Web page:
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Java: Packages - Importing

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Bookmark and Share Multiple classes of larger programs are usually grouped together into a package. Packages correspond to directories in the file system, and may be nested just as directories are nested.

Using existing packages

Java libraries are organized in packages (directories). The most common way to get access to them is to use the import statement. For example,
import java.util.*;
. . .
ArrayList students;  // ArrayList is a class in java.util
gives your program access to the all (that's what the "*" means) classes in the package java.util. The source files for these classes are in a directory named util, which is in a directory named java.

Importing classes explictly

If you need only one class from a package, eg ArrayList, you can write

import java.util.ArrayList;
. . .
ArrayList students;  // same as above.

You might think that importing all classes from a package is inefficient, but there is no noticeable difference in my experience. Consequently most programs use the ".*" style of import.

Using package qualifiers instead of imports

The import statement is not required. Class references can be made but explicit qualification with the "." operator. For example,
java.util.ArrayList students;  // fully qualified.  No need for import.

The fully qualified style is used in some textbooks, but is generally not used when programming, where the import style is almost universal.

However, there is one situation where qualification is necessary - when two classes have the same name, but are in different packages. For example, there is both java.util.Timer and java.swing.Timer. Because it's common to import all classes in both java.util and java.swing, the name Timer is ambiguous and can't be used without qualification.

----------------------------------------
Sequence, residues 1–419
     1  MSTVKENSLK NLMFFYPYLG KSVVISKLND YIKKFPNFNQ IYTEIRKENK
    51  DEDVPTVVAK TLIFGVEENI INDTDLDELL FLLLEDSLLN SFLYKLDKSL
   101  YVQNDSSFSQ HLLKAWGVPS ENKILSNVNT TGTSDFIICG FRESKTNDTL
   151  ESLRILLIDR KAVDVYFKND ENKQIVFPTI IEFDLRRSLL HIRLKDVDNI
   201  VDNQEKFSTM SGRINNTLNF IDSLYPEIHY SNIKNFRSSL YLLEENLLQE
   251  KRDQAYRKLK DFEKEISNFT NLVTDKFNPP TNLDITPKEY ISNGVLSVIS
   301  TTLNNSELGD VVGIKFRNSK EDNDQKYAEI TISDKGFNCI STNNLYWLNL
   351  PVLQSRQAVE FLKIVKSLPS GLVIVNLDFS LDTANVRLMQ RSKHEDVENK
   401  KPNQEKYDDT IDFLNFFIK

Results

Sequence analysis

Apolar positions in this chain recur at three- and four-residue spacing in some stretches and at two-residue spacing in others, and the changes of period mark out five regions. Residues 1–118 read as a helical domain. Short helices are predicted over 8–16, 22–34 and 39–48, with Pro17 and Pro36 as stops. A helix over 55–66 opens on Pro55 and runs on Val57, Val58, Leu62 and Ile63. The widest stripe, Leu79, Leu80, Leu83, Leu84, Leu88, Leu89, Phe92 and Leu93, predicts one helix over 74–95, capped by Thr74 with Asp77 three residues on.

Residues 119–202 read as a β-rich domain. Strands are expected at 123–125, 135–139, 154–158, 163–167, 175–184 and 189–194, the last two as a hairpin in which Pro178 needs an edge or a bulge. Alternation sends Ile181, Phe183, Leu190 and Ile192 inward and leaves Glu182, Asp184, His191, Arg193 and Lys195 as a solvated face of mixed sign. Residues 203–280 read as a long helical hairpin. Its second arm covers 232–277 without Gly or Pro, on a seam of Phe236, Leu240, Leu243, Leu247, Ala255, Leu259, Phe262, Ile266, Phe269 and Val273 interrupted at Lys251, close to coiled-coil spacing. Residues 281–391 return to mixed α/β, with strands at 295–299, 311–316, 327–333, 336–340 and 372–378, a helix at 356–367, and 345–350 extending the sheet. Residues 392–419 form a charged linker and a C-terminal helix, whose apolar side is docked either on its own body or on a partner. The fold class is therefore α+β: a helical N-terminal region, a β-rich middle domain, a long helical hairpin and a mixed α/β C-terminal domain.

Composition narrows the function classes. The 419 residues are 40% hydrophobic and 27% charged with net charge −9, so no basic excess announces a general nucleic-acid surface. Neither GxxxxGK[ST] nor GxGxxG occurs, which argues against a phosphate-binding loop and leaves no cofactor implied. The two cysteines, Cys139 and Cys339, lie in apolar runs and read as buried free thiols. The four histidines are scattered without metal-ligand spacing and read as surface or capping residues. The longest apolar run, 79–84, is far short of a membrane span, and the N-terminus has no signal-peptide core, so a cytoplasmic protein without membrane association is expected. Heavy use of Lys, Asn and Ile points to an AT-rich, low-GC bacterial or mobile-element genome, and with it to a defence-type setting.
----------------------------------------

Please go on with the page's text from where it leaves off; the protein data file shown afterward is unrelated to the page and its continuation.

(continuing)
import java.util.*;
import java.swing.*;
. . .
Timer t;  //AMBIGUOUS - compilation error
java.util.Timer t;  // OK

Packages within packages require additional imports

The import statment gives access to classes in a package, but not to packages in that package. For example,

import java.util.*;
does not give access to the classes of the package java.util.regex. To access classes in java.util and java.util.regex, import both.
import java.util.*;
import java.util.regex.*;

Java's import is not the same as C++'s #include

C++'s #include is commonly used to for library headers, but the mechanism which is used is fundamentally different. #include inserts the entire source file that is referenced into your C++ program. In contrast, the Java import statement only looks up the the identifiers and their declarations from the compiled class file (not the source files).

Another difference is that Java imports are non-transitive. If class A imports packagex and packagex imports packagey, class A does NOT get access to packagey. In C++, the imports are transitive, which can lead to some unexpected effects.

A minor difference is that Java's import is a statement and requires a semicolon, unlike C++.

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